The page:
The Twilight Zone of Stock Photography

For the last eighteen months or so, I’ve been submitting images to stock photo sites. About half of them are accepted; some have even sold, and my sales are increasing steadily. Not that I’m going to be rich anytime soon, you understand. I’ve earned enough in a year and a half to pay for one month’s Internet service….

So I’m making a real effort to understand what goes into a good stock photo. Aside from technical excellence (good composition, color, focus, etc.) it needs that special something known as “commercial value.” Whatever that is. Last week I submitted 33 images, and 32 of them were rejected. I KNOW the batch wasn’t THAT bad. Moreover, the one that was accepted was identical to one that was rejected except for different post-processing techniques. I’m totally baffled. It’s like a parallel world where the rules are different and constantly changing based on a paradigm I haven’t mastered.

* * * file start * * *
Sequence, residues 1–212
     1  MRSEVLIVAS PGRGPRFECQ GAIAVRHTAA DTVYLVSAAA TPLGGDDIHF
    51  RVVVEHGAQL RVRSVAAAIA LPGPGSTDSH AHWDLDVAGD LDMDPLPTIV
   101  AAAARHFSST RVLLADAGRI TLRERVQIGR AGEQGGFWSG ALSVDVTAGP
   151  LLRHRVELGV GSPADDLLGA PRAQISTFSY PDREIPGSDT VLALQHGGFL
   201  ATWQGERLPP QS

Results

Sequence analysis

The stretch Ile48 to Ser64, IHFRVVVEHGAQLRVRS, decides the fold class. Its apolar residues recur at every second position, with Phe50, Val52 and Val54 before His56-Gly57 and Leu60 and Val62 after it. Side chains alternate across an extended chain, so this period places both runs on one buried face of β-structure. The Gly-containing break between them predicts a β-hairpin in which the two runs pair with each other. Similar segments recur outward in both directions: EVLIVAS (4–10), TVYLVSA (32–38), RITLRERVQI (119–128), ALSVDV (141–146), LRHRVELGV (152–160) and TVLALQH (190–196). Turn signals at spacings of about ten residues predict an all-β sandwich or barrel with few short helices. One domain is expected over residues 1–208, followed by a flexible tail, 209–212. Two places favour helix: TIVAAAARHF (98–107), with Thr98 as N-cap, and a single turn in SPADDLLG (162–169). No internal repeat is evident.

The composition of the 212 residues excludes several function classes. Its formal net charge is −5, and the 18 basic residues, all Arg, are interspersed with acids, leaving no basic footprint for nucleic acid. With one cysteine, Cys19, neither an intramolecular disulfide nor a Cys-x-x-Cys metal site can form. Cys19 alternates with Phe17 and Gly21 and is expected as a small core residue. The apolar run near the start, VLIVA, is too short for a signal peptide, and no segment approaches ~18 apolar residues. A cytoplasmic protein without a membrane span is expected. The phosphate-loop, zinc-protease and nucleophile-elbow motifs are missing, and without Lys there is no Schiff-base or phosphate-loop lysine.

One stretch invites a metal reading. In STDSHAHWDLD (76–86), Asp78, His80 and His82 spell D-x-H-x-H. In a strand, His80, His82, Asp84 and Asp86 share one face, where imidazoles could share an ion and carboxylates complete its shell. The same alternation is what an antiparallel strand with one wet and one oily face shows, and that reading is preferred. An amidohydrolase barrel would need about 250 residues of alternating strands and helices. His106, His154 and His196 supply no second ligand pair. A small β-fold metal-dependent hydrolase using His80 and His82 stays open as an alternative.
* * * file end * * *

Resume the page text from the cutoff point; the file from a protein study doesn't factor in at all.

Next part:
My friend Dave can sometimes be prevailed upon to offer critique and suggestions, which are always helpful. (Thanks, Dave. Much appreciated.) But sometimes he is baffled, too. And that’s when I feel the urge to scream and beat my head against the wall. I seems at times that the editors just hit the accept/reject buttons at random. Judging from comments I’ve read from other photographers, I am not alone in that opinion. Thank goodness for RedBubble, where I can publish whatever I feel has merit.

I do, however, have another outlet for my frustration. I have a website, where I can publish my work and my feelings about my work. So I’ve started a page which I guess qualifies as a blog , a kind of essay with photos. Come on over and have a look, and see if you can tell which images were accepted and which were rejected. And if you can figure out why, you might send me a Bubblemail of gently-worded guidance.

Journal Comments

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